Lawmakers, Wolf must compromise on voting machines
State lawmakers recently passed a separate measure amid their budget votes that designates $90 million to pay for counties instituting new voting machines that have an auditable paper trail ahead of the 2020 presidential election.
Given the state’s history of unfunded mandates inflicted on counties and municipalities, this seemed like the responsible thing to do. The money would have paid most of the $100 million tab for the counties to make the voting machine change. And that’s as it should be.
We say “would have” because Gov Tom Wolf vetoed the bill, citing other voting changes attached to the bill that he opposes.
So much for logic.
The substitute he offered this past week — a bond issue floated through the Pennsylvania Economic Financing Authority — is flimsy and legally questionable. The bond would only pay for 60 percent of the costs of the counties. And local lawmakers question whether Wolf even has the authority to designate a bond for the costs.
Gov. Wolf particularly disapproved of a Republican provision that would eliminate the straight-party ticket voting on ballots.
Frankly, we wish that provision was not there in the first place. It encourages robotic voting by both Republicans and Democrats based on political parties rather than candidates in an age when more and more voters are basing their ballot decisions on individuals rather than their party affiliation.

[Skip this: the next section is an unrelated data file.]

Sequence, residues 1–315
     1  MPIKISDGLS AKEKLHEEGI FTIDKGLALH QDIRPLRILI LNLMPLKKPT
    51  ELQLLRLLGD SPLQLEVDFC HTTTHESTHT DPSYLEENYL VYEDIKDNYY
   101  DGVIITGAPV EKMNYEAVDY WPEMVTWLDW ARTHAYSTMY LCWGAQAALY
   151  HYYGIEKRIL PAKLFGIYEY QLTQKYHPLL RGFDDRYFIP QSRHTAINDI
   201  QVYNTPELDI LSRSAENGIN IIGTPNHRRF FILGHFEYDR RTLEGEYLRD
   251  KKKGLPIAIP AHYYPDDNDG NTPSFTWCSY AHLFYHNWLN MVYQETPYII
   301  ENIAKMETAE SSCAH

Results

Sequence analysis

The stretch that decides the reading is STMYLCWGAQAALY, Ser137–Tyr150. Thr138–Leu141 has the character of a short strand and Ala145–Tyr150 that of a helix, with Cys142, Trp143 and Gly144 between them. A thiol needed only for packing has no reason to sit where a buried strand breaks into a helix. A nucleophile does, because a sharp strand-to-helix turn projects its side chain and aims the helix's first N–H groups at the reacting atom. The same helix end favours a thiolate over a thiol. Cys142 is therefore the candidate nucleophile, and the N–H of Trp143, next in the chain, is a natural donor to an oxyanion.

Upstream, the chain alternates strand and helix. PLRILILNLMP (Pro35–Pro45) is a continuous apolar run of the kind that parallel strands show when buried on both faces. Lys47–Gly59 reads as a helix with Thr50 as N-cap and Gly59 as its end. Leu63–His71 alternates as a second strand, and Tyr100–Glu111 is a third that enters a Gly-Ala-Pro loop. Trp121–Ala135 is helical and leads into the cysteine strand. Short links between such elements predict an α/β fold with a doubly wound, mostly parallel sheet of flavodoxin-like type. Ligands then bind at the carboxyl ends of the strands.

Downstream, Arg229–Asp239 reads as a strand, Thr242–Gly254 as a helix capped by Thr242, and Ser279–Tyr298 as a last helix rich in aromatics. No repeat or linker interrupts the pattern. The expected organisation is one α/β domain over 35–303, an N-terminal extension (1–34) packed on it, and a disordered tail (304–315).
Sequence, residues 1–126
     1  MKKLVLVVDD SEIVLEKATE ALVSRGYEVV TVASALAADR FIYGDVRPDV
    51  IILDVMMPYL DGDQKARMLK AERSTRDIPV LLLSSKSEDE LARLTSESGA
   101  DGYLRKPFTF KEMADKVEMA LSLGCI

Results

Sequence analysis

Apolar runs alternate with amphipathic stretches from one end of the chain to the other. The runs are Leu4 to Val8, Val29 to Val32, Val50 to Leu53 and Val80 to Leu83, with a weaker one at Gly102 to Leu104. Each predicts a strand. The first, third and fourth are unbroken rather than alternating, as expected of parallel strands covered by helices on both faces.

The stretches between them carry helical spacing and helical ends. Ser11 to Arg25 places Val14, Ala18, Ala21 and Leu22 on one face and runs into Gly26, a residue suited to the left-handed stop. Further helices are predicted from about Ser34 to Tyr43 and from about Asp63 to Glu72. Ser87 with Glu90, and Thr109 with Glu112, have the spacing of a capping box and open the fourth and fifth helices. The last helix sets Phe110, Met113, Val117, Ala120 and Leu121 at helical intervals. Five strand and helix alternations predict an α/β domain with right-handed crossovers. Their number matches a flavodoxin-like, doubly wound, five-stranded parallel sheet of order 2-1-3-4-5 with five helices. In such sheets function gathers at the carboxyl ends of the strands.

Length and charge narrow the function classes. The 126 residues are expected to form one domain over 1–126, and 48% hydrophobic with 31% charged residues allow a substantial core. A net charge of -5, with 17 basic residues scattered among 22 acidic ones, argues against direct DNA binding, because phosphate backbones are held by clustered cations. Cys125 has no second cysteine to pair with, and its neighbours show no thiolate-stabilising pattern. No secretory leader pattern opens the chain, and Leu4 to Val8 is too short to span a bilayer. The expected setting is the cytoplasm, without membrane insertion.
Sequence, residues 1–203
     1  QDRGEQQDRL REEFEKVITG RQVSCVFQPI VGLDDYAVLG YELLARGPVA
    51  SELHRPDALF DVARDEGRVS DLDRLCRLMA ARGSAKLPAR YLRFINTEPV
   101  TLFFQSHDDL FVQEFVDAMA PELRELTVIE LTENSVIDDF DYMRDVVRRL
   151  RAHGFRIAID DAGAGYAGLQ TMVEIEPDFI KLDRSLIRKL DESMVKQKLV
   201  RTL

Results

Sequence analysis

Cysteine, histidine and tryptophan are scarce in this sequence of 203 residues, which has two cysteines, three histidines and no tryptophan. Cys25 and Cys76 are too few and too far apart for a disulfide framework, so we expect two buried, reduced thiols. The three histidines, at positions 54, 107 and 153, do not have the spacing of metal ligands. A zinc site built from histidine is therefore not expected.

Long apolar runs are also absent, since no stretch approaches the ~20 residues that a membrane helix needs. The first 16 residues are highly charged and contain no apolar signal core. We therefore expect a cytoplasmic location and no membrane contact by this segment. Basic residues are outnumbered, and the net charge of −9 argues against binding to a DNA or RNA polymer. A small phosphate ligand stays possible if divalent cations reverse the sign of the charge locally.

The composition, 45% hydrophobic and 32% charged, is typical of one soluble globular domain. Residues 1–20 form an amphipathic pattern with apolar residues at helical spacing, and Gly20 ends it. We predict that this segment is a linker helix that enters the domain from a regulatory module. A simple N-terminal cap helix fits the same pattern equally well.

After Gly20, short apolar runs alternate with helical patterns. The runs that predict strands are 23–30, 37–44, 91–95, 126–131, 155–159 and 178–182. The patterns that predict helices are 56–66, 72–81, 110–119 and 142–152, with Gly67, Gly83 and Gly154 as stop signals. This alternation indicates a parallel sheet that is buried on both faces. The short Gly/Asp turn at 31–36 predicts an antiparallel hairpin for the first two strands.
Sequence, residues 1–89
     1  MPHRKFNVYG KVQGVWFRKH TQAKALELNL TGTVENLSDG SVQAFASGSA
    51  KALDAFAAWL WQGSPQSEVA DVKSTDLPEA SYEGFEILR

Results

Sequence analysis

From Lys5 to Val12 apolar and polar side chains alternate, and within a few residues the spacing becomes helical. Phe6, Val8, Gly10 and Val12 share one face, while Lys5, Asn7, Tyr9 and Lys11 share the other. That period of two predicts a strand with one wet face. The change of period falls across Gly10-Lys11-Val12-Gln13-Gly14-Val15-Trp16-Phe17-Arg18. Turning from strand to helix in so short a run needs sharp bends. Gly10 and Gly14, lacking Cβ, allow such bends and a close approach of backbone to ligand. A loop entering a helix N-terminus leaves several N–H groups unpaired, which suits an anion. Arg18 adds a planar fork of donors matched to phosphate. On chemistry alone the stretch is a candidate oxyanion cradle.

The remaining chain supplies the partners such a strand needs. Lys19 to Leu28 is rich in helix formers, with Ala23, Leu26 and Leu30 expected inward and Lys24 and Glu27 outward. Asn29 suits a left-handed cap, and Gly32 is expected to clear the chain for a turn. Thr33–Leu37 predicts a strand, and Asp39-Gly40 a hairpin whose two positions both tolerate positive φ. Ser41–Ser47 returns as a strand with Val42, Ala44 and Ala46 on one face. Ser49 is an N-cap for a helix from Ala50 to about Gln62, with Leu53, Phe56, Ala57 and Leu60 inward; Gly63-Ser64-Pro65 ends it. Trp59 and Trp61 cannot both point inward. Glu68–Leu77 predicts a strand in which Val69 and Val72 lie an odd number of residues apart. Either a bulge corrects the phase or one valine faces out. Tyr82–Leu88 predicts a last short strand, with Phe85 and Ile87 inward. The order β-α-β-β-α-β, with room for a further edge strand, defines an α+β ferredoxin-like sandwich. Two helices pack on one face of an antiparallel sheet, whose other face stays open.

Unfortunately, the bill did not pass with a veto-proof majority, so lawmakers may need to give in to Wolf’s wishes, as weak as they are. The alternative is $100 million in expenses to counties, which should not have to pay for this mandate.
And the move to replace voting machines to assure a vote counting process with a guaranteed, documented auditing path is necessary. We don’t need Pennsylvania to be the only swing state in the 2020 presidential election without a voter-verifiable paper trail on ballots. That’s especially alarming given the possibility that Pennsylvania’s vote could determine the winner of the next presidential election.
Going without the voter machine changes is a recipe to repeat the national embarrassment Florida has endured twice in this century.
But the counties should not be the ones paying those costs.
Republican and Democratic lawmakers as well as Gov. Wolf should understand that. They need to drop the political pettiness, strike a compromise and pass legislation — not a flimsy bond issue — to pay the voting machine costs of the counties.